Though oysters now make up only 6% of Louisiana’s seafood production, the state produces about 40% of this country’s oysters and is the top oyster producer in the United States. Oyster harvesting is one of the oldest components of the Louisiana seafood industry. Archeological records show evidence of regular oyster consumption by Native Americans. Although beds were set aside for private culture in the early 1800s, it was not until after the Civil War that large scale bedding and transplanting of oysters began. Oysters were removed from inland “wild” reefs and bedded in saltier waters at the end of the delta of the Mississippi River. The Comprehensive Oyster Law of 1902 established regulating structures that persist today. In 1902 most oyster leases were held by English, French and Croatian descendants. The Croatians had moved from the Adriatic where oysters had been cultivated for centuries and had a strong influence on the success of the industry in Louisiana. In a survey of 500 oyster farmers in Louisiana, over half of them identified themselves as either French-Cajun or Croatian.
The industry has changed little in the last century. “Seed” oysters are taken from natural reefs, rebedded and cultivated on leased grounds. They are then shucked at processors, refrigerated and shipped. Oystering is a “fixed bottom industry” which limits the oysterman’s ability to easily adapt to natural or manmade problems. Oystermen are tied to their leases. Therefore, they are especially vulnerable to pollution and changes in water salinity, both of which affect oyster health. Coastal urban development has contaminated once-isolated shellfish waters. But oystermen agree the biggest problem is coastal erosion. David Cvitanovich laments, “You see the land deteriorate as much as it has…You watched these bayous that were a good place to produce these oysters, that had a good salinity match, but now they is too much saline. Now currents are rerouted … passes have opened up, Shell Island is wide open. There’s a lot of salt water … Where we are at was solid ground, but now we are in 4 feet of water.” In addition equipment and operation costs have risen while seafood imports have taken an increasing share of the US market. Nationwide, the consumption of raw oysters has decreased by over 60 percent during the last decade.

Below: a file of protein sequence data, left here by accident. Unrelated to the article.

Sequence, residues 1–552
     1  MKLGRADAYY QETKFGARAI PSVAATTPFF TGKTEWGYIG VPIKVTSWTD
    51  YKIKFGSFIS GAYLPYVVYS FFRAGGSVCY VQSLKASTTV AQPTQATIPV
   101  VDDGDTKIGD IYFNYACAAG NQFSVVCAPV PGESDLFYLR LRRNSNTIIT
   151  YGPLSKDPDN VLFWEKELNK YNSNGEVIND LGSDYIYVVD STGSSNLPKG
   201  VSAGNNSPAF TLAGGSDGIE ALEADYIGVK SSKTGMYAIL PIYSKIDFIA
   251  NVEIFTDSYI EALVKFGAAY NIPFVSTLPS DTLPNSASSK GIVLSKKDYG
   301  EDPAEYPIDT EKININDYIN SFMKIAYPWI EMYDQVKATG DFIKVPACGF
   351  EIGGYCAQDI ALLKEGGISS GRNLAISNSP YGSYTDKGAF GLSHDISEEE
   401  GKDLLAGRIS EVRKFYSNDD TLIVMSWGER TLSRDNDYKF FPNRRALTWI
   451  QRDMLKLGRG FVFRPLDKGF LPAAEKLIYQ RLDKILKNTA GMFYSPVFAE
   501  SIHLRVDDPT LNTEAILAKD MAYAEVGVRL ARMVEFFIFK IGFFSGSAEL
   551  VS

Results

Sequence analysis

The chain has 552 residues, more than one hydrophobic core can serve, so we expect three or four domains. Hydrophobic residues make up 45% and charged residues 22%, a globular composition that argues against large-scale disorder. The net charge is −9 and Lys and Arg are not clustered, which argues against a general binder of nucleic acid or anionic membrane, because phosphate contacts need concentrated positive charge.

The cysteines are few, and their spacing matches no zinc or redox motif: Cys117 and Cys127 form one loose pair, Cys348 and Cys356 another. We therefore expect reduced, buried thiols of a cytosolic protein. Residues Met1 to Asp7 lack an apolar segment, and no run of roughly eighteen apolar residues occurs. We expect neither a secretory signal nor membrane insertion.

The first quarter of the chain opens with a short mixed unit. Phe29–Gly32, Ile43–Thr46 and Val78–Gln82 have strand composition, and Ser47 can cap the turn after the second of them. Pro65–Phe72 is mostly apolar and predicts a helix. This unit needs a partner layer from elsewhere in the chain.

Still, there have been some bright spots. Motivatit Seafood in Houma, Louisiana recently created an automatic shucking machine. Manually shucking oysters is slow and requires tremendous skill to avoid damaging the meat. The shucking machine blasts the oysters in a large high-pressure washing system. The water pressure kills the bacteria and also loosens the muscle that keeps the oyster shell so tightly closed, making them easier to shuck.
Oystermen are determined to stay in their profession. Ante Lepetich came to Louisiana from Croatia in 1965 and says that, “After the storm you have to fight again. …I fallen in love with these oysters and I spend all my life and I gonna be, to the end of my life, I gonna be with oysters.”
Oyster Eating in AmericaEdit
Throughout the 19th and 20th centuries, oysters were consumed by virtually every socioeconomic class. The poor ate them in large numbers because they were cheap and easy to preserve. The middle and upper classes, especially from 1810-1870 during the Victorian era, saw them as inextricable from their lavish dinner parties, important to their social acceptance.
The Civil War cut off Southerners from oyster imports from the North. Those belonging to Southern aristocracy as well as other members of the higher socioeconomic classes continued to purchase oysters, mainly from southern ports, at inflated wartime prices. When the oyster crop became extremely depleted, Southerners got creative—they created a special type of “mock oyster” from flour, eggs, butter, and corn deep-fried in oil.
World War I further depleted oyster beds around the country, which resulted in a sharp rise in the price of oysters. Around this time, oysters became prohibitively expensive for all but the upper socioeconomic classes. Oysters in America today are commonly prepared as a special dish, and are often more expensive, although they are widely eaten.